Come on, like you’re not going to watch that.
The pairing isn’t as odd as it sounds. The two have been friends since Snoop appeared on Martha’s TV show a few years back, and they appeared together on Comedy Central’s Justin Bieber roast and The $100,000 Pyramid this year.
If we want to figure out who is going to be the next president of the United States, we should look to soda (or pop or tonic or Coke, depending on where you live).
Connecticut-based Avery’s Beverages has created two new drinks. One is called Trump Tonic (a bold grape flavor with the slogan “Make America Grape Again”), and the other is called Hillary Hooch (raspberry and strawberry with a hint of lemon). Consumers can “vote” with their taste buds.
Not that this is going to be a scientific poll — the results won’t be accurate in any way, shape, or form. If you love raspberry and hate grape, you’re not going to waste a couple of bucks on the one you hate just because it has a picture of the person you want to be president on it. You’re going to buy the one you actually like.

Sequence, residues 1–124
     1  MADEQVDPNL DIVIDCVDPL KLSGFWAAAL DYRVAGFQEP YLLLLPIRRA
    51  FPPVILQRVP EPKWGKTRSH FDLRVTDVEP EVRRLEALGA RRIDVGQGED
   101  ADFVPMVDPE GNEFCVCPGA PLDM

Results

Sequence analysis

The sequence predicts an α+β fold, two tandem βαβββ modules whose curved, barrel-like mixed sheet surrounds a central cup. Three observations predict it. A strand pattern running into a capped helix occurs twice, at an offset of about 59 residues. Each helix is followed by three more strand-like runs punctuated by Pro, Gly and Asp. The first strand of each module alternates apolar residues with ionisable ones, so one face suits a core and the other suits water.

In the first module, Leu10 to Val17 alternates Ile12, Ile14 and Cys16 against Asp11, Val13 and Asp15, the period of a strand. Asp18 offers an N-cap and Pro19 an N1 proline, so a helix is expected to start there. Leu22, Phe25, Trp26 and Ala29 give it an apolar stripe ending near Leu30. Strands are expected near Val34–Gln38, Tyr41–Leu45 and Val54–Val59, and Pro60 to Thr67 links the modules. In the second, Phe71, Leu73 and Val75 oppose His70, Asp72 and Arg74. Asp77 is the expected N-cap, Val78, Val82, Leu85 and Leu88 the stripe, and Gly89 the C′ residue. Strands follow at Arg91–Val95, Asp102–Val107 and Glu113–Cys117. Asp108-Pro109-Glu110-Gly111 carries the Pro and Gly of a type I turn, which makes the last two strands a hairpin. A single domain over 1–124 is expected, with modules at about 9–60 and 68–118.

Though maybe it’s more accurate than we think. The company did the same thing in 2008 and 2012, and both times the Barack Obama beverage came out on top.
Jerry Lewis hasn’t been a regular in the movies for a while and hasn’t been seen on television since being unceremoniously dumped as host of the annual Muscular Dystrophy Association Labor Day Telethon in 2011. (I have to admit I stopped watching the telethon after he left, and the MDA ended it for good in May of 2015.) But the actor and director has a new movie coming out (filmed in 2013), and it looks pretty great. It’s called Max Rose, and it’s a dramatic role for Lewis. Here’s the trailer: